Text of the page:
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date: 27 January 2020

Abstract and Keywords

In his 2009 poetry collection Qing/man (Light/Slow), Taiwanese poet Chen Li returns to a traditional Chinese form of anagrammatic poetry, the genre of the hidden-character poem (yinzi shi), a rebus-like poetic riddle that focuses on the graphic form the sinograph, by providing clues to its riddle in the form of descriptions of, references to, and graphic components of a given Chinese character. This chapter uses the genre and theory of anagrams as its starting point for a reflection on language, literary creation, and translation, from Ernest Fenollosa’s reflections on the ideographic method to Ferdinand de Saussure’s work on a phonetically understood anagrammar of Indo-European poetry and Haroldo de Campos’s reflections on the poetic resonances in logographic and alphabetic scripts. Rather than essentializing the graphic nature of the Chinese script, Chen Li’s poetic revitalization of the genre of the hidden-character poem challenges preconceived notions of linguistic difference (between sound and script) with an interest in words under words, in the components of (and below) language that constitute language as a concrete practice and allows for a thought of language as duplicitous and multilayered phenomenon.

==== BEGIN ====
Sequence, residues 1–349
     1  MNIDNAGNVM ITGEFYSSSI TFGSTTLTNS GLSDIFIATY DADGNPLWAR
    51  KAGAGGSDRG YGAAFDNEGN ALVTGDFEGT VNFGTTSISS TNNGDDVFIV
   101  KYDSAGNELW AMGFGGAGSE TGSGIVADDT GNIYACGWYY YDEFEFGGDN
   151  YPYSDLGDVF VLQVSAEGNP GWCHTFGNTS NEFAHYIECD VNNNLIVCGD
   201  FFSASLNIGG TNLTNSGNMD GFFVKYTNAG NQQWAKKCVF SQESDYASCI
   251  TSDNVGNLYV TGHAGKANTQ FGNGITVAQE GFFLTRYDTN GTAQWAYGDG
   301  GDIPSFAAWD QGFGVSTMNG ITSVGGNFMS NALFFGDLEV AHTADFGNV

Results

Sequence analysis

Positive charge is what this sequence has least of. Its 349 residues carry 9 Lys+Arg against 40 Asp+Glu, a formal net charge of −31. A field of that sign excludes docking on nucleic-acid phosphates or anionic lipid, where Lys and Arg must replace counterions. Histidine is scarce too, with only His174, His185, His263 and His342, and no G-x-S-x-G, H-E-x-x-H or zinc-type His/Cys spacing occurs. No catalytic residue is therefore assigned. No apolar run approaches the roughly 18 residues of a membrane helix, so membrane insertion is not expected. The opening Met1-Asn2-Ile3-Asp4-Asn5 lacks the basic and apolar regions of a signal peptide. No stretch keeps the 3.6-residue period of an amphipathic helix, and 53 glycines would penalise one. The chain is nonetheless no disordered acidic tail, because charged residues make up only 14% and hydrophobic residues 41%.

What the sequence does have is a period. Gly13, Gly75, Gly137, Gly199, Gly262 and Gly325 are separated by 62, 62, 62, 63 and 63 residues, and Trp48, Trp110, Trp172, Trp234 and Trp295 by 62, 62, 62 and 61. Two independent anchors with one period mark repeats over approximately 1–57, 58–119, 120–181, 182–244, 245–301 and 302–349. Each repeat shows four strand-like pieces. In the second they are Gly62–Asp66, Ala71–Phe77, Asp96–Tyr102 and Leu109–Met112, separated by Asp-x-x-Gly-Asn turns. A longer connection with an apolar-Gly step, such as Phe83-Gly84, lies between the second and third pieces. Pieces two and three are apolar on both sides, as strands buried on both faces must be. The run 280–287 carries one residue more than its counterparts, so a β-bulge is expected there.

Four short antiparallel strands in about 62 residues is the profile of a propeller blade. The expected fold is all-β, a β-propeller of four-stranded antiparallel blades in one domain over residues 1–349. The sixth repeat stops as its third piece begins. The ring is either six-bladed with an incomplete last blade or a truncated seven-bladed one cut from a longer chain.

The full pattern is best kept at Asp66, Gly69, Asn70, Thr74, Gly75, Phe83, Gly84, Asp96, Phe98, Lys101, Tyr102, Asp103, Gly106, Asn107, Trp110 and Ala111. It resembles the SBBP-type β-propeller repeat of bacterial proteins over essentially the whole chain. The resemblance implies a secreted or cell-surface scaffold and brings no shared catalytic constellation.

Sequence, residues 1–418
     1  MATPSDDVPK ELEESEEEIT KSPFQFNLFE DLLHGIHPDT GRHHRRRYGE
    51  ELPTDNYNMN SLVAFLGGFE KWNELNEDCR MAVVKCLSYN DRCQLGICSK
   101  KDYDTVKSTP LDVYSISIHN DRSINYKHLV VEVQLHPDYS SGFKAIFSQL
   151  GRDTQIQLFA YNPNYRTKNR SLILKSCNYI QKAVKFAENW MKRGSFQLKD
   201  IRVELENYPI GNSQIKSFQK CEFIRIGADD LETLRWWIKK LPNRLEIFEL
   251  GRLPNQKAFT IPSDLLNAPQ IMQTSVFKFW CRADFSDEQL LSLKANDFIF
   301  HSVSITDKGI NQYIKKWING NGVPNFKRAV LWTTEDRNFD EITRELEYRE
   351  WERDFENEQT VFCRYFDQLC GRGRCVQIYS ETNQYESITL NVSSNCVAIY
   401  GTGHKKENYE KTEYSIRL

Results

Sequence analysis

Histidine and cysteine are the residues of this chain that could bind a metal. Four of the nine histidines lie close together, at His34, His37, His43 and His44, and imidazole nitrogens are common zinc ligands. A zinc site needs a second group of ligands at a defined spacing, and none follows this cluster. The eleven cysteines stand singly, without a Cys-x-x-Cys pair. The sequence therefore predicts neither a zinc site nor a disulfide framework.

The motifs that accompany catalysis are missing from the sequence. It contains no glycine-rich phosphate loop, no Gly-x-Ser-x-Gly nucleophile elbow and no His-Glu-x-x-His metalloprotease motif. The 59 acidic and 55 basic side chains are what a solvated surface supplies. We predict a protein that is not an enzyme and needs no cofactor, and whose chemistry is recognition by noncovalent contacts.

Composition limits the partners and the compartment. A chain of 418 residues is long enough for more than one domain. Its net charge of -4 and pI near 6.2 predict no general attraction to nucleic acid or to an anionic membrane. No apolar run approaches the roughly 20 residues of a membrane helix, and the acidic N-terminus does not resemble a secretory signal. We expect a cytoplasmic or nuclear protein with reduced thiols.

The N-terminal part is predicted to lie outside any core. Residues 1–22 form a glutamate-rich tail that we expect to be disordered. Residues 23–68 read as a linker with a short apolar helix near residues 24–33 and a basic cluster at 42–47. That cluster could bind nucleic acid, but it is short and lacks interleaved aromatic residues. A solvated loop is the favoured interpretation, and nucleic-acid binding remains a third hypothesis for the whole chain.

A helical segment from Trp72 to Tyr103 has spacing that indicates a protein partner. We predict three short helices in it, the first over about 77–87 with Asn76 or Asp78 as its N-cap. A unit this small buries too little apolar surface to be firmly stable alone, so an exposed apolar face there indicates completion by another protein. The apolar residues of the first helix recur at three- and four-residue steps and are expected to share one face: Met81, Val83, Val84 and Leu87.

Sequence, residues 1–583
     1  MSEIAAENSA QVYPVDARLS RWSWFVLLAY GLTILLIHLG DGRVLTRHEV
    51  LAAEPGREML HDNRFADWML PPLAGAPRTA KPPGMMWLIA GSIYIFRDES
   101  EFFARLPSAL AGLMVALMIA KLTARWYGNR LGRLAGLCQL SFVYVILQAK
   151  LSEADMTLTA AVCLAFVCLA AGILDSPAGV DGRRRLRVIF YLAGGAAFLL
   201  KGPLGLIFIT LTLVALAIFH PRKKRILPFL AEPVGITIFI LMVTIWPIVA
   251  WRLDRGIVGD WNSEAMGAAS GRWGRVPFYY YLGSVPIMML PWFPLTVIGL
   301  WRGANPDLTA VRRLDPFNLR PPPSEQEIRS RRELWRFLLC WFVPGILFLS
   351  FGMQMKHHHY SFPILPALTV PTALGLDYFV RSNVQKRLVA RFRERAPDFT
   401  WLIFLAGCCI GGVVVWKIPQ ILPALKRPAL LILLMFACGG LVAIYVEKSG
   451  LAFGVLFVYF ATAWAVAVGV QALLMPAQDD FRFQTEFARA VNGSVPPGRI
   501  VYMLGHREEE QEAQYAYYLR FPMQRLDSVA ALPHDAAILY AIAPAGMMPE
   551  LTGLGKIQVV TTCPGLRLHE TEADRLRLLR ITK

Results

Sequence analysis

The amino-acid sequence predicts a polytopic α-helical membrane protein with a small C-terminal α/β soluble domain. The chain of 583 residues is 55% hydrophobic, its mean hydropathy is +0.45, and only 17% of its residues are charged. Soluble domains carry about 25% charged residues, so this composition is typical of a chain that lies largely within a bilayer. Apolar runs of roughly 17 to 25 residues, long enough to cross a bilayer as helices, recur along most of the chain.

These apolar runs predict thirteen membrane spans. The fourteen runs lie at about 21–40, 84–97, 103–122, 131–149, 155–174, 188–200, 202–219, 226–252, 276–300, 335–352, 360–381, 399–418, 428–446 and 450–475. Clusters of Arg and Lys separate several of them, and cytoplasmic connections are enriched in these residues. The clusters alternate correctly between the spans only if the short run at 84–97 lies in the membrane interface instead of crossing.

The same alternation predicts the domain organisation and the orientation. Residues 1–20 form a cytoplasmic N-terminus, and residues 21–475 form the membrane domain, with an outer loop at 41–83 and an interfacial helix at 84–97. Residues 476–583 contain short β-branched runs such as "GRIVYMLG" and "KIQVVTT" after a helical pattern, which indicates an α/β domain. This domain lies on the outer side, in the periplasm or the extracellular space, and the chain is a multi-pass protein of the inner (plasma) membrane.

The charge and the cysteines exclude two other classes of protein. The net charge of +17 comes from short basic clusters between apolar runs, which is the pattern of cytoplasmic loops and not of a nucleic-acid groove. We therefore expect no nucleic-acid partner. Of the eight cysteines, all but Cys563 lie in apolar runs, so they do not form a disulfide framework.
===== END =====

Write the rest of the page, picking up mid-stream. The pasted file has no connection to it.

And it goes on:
Keywords: Chen Li, anagram, hidden-character poem, Chinese writing

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